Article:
Zephyrhills officials will consider adopting the county's plan for water restrictions.
By CARY DAVIS
© St. Petersburg Times, published June 12, 2000
ZEPHYRHILLS -- All the recent changes in local watering restrictions have overwhelmed Zephyrhills resident Terri Butts.
She has lost track of when she's allowed to water, so by default, she turns on the sprinklers on the one day she doesn't work each week.
"It's been so confusing," Butts said. "You don't know when you're supposed to water."
Tonight, the City Council will consider yet another change in the city's watering rules. But City Manager Steve Spina hopes the change will help eliminate any confusion.
Spina is proposing that the City Council follow the lead of the Pasco County Commission, which last month adopted an emergency ordinance that spreads out the once-a-week watering schedule over the five weekdays.
He also will ask council members if they want to follow the county and ban the residential use and sale of fireworks in the city, at least until the summer rains come and snuff out brush fire conditions.
The water restrictions currently in place in Zephyrhills allow even-numbered addresses to water on Tuesdays and odd-numbered addresses to water on Sundays. The county's new schedule -- which Spina proposesfor Zephyrhills -- allows residents in unincorporated Pasco to water on Mondays if their address ends in 0 or 1, Tuesdays if it's 2 or 3, Wednesdays if it's 4 or 5, Thursdays if it's 6 or 7, and Fridays if it's 8 or 9.
The change would suit Butts perfectly: Her address ends in 7, which means she'd be allowed to water on Thursdays, her day off.
But the change would mean nothing to Louise Lashley and other city residents who've decided not to water their lawns at all until the drought ends.
"I feel it's my civic duty to conserve as much water as I can," said Lashley, adding that her lawn "has completely burned up."
County commissioners decided to spread out watering over five weekdays, and eliminate weekends altogether, because water use got so high on Tuesdays and Sundays that residents in unincorporated Pasco experienced low pressure in their taps and sprinkler systems on those days.
The county's new schedule only allows residents to water once on their assigned days, either before 9 a.m. or after 5 p.m.
While there has been no drop in water pressure in Zephyrhills, Spina said the city should adopt the same restrictions as the county because some city residents, confused over what rules they should follow, have been watering on the county's days.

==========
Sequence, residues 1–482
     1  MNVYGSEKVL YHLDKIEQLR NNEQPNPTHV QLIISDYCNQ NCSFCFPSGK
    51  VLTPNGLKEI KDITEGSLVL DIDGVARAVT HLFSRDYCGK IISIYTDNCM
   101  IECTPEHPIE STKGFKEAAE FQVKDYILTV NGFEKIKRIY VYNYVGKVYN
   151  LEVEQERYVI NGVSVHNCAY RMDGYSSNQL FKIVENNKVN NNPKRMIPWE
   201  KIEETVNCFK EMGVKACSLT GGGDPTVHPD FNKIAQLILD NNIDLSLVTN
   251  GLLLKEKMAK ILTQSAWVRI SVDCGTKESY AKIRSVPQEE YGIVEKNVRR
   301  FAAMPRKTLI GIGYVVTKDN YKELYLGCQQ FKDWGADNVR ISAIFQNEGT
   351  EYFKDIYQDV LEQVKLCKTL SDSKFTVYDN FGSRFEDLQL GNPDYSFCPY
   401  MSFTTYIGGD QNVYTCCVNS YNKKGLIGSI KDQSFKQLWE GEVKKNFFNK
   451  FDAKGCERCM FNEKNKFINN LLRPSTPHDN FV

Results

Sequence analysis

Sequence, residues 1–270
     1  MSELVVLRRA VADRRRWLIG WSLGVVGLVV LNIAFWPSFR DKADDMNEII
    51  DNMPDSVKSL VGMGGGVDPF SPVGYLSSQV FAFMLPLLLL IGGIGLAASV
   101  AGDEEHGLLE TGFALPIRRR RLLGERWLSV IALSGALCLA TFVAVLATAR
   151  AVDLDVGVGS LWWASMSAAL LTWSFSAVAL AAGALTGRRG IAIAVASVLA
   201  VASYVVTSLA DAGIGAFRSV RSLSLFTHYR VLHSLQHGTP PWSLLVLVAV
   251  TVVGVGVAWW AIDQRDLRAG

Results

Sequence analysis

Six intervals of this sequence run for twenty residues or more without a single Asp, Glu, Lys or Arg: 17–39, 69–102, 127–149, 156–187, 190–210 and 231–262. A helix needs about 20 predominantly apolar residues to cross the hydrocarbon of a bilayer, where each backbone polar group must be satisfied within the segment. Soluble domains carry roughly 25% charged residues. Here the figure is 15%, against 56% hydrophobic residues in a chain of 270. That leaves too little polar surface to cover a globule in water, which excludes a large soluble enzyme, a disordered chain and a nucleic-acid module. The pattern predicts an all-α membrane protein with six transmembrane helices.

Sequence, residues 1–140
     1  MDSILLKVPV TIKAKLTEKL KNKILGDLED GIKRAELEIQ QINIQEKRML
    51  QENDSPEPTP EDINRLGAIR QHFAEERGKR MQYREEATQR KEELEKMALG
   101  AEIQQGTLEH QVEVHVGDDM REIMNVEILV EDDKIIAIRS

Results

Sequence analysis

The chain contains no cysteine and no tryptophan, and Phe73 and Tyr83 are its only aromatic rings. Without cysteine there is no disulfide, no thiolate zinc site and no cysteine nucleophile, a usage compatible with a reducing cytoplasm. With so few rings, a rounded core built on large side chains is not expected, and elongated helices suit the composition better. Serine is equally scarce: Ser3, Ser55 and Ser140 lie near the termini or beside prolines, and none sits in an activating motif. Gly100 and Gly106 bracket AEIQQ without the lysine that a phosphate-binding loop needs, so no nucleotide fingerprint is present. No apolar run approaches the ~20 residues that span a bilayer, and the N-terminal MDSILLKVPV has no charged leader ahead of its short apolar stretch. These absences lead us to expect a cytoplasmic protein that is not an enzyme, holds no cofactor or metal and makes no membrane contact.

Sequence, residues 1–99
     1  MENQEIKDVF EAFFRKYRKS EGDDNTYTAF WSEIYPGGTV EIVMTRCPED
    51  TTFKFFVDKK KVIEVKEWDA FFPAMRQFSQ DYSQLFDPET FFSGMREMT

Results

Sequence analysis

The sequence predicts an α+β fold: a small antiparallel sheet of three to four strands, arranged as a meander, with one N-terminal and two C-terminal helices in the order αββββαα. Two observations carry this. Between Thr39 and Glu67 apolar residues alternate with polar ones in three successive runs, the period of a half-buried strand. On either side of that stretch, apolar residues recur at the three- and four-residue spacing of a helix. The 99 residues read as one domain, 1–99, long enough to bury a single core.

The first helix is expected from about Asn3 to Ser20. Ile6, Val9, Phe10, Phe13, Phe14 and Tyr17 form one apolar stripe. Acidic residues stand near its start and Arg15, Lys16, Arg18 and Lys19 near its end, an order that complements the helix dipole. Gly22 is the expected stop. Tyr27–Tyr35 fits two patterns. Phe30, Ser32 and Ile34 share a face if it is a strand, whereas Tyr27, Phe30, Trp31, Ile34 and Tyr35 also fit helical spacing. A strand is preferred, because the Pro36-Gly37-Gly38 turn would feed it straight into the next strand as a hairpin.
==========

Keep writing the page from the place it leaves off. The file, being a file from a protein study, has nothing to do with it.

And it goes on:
Council members Elizabeth Geiger and Tim Ippolito said last week that they support changing the city's watering restrictions if for no other reason than to eliminate the disparities between Zephyrhills and the county.
"Overall, I think it's a good idea to be consistent with the county," Geiger said. "There's a lot of confusion among residents over where the city limits are and which rules apply to them."
For the same reason, Geiger said she supported a citywide ban on the private sale and use of fireworks. County commissioners banned the residential use of fireworks in April and outlawed their sale for private use earlier this month.
The county's fireworks ban expires this week, but commissioners can extend it for 72-hour periods until the record drought gives way to summer rains. Spina is proposing that the city's ban on fireworks last two weeks, with the option of extending it at the council's discretion.
"This way we can keep it in effect as long as we need it," Spina said. "The last thing we want is an ordinance that we don't need."
Professional fireworks displays are still permitted in the county, and Spina is recommending that council members allow them in the city as well.
Ippolito, a firefighter with the city of Tampa, said he was inclined to vote for the fireworks ban, but added: "In my professional career, I haven't been out to too many house fires or brush fires caused by fireworks. Cigarette butts are about 10 times more likely (to start a fire). Maybe we should ban cigarette butts, too.
"But seriously," he added, "it doesn't really matter to me. I guess it's best to do what the county does."
The differing fireworks ordinances among local governments has already caused some confusion in Zephyrhills.
A large fireworks show at the Zephyrhills High graduation party June 2 drew criticisms from residents questioning whether such a display was wise, given the dry conditions, or even legal.
Spina said the city approved the fireworks display, but "in hindsight, it might not have been the smartest thing to do. But there was nothing wrong with it."
As a precaution, Spina said, six firefighters were standing by during the display with water hoses.
The City Council meeting begins at 6 p.m. in the council chambers at City Hall.